Whether you're celebrating a victory, suffering through a defeat, or just watching for the commercials, the Big Game always pairs well with a cold one. According to a 2016 study by Information Resources Inc., beer sales generate $583 million in the week leading up to the Super Bowl. That's over $100 million more than salty snacks and $400 million more than liquor sales produce in the same period. Whichever team comes out on top, beer distributors always win big when the NFL season draws to a close.
As you can imagine, this collective thirst puts a strain on beverage supply chains. From hosts who've failed to plan for their parties, to grocers who've underestimated sales, the NFL's premier event provides ample opportunity for shortages and supply mismanagement. In fact, college Economics programs often use beer sales to demonstrate the "Bullwhip Effect."
The so-called "Bullwhip Effect" is a phenomenon that exists across all supply chains. Simply put, it refers to a situation where orders sent to manufacturers and distributors create a greater variance than sales to the end customer. What causes this effect? Two of the primary contributing factors are delivery delays and mishandled pipeline inventory.
For example, let's say you're in charge of ordering for a grocery store in Minneapolis. You've seen beer sales spike in the week leading up to the Big Game. Not only have sales gone up, but they've far exceeded your expectations. It's only Tuesday, and already your stock is running dangerously low. Shelves are empty, customers are displeased, and you're losing business to the rival shop across the street.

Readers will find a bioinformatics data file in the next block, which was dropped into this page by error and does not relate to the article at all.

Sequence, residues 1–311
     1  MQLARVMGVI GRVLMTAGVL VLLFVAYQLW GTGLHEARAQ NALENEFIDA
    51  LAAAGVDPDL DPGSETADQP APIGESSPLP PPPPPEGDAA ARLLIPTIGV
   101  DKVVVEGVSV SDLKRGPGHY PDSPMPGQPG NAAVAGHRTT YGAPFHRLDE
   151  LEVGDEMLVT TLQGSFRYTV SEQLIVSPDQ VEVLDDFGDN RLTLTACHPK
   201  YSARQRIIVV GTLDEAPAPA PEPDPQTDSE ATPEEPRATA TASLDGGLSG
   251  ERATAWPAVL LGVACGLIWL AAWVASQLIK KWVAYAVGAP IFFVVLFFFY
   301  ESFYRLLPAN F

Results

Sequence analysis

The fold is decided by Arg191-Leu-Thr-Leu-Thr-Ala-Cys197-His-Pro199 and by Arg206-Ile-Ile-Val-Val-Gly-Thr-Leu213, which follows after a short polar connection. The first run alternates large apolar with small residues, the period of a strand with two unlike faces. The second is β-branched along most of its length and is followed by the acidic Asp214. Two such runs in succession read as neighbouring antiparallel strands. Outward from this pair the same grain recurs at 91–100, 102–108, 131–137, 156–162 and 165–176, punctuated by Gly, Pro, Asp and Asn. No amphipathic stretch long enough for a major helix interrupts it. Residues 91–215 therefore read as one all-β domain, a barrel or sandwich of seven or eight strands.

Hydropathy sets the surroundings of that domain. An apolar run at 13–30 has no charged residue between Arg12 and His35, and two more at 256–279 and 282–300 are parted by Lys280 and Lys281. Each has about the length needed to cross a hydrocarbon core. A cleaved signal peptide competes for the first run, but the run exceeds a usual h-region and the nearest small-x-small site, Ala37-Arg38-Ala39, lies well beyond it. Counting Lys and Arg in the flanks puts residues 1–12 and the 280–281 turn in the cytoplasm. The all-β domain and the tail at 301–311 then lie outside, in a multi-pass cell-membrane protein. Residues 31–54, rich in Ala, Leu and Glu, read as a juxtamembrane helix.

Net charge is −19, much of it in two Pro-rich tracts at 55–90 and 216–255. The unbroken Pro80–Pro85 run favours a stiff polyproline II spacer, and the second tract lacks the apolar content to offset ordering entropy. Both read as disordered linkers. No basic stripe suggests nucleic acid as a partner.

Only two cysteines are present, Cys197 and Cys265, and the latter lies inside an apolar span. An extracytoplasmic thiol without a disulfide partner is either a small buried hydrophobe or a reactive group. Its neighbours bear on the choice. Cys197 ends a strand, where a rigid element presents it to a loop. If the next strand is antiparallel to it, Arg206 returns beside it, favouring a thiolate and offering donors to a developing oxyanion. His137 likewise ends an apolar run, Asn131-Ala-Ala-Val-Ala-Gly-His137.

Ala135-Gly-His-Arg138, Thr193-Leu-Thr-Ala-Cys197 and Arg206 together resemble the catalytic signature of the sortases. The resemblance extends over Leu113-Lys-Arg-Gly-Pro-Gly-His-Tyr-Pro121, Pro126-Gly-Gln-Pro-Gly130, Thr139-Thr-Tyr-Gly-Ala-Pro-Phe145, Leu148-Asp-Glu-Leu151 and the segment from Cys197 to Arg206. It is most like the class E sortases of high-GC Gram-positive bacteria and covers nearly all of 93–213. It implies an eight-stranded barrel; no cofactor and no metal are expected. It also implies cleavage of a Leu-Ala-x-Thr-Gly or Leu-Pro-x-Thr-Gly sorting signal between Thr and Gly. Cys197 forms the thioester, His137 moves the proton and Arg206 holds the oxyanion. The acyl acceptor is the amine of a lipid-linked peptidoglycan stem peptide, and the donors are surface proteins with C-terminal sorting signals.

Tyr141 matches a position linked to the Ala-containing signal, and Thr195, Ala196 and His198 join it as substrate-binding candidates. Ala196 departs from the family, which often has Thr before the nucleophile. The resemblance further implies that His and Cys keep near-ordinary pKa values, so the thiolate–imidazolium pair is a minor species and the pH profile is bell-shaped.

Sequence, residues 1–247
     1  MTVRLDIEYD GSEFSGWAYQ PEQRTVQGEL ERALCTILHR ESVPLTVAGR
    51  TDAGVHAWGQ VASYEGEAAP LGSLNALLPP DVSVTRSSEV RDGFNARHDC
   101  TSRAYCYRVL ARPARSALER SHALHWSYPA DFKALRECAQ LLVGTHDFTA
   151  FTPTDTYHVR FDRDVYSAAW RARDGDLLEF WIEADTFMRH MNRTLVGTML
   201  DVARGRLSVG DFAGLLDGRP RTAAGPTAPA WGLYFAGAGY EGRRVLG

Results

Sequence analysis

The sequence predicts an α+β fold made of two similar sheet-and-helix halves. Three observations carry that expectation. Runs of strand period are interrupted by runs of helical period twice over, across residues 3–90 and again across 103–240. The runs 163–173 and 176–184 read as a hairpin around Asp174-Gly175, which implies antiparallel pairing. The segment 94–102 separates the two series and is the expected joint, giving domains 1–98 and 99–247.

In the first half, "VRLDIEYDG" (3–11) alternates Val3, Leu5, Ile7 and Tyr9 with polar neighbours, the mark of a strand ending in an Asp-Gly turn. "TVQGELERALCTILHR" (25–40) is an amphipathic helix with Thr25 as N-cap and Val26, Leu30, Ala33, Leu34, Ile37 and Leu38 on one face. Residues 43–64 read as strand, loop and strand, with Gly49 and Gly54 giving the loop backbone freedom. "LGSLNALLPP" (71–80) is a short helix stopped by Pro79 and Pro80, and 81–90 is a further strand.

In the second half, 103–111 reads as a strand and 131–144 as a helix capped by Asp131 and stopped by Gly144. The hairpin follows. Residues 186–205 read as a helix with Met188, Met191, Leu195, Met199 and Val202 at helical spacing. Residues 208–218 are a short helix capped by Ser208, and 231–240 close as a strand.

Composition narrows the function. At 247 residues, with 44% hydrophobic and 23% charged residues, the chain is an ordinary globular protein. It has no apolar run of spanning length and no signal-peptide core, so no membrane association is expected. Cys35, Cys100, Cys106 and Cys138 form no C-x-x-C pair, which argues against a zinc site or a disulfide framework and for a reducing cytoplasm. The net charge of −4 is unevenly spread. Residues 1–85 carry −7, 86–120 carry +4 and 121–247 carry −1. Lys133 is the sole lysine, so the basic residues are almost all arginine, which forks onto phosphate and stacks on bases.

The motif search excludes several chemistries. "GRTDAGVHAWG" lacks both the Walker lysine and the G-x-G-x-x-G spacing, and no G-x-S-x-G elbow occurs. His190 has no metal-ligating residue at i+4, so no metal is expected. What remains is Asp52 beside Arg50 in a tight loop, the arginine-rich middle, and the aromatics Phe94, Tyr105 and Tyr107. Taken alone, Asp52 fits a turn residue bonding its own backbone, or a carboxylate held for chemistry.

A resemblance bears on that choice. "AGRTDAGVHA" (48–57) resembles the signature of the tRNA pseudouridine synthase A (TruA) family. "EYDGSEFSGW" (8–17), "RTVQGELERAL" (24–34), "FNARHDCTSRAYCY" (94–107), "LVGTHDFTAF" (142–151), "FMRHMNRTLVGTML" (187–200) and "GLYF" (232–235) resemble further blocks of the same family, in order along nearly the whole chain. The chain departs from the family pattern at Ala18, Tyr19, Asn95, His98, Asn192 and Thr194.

In response, you place an order with your preferred wholesaler. Your stock of beer, however, continues to disappear while you wait on this order. Panicked, you place another order on Thursday. This places strain on the wholesaler themselves. Fearing their own shortages, they place an order with their brewer. Let's say this hypothetical brewer is headquartered somewhere in Europe. Understandably, our wholesaler can expect a long lead time for this delivery. Like the retailer, the wholesaler might use the delay as an opportunity to place additional orders. After all, Minneapolis isn't the only city preparing for the Super Bowl.
As delivery delays increase, the Bullwhip Effect becomes more pronounced. Orders will increase at each link of the supply chain as everyone looks to avoid shortages. Disregarding orders in the pipeline, they set themselves up for issues when the supply finally reaches its destination. Both the wholesaler and the retailer could find themselves contending with unmanageable inventory levels. Demand is high in the lead-up to the Super Bowl, but it has its limits. To avoid these mishaps, retailers and wholesalers need to modify their inventory calculations to account for orders they've place but have yet to receive.
The same goes for the host of a Super Bowl party. Faced with an emptying fridge, they might call a friend who hasn't arrived and ask them to pick up beer on the way. But what if that friend gets stuck in traffic? Should our host disregard the 'order' he's already placed and call someone else? Certainly not. Before long, they'll have more beer on their hands than they know what to do with. A surplus of beer might not sound terrible, but let's say the party ends early and our host only drinks beer on Super Bowl Sunday. When Monday rolls around they'll be met with nothing but useless inventory.
Remember, you can have too much of a good thing. Whether you're stocking your shelves - or filling your cooler - it's important to plan accordingly, account for delivery delays, and remember pipeline orders.
Looking for help optimizing your deliveries and keeping your inventories manageable? Reach out to the Logistics Procurement specialists at Source One today.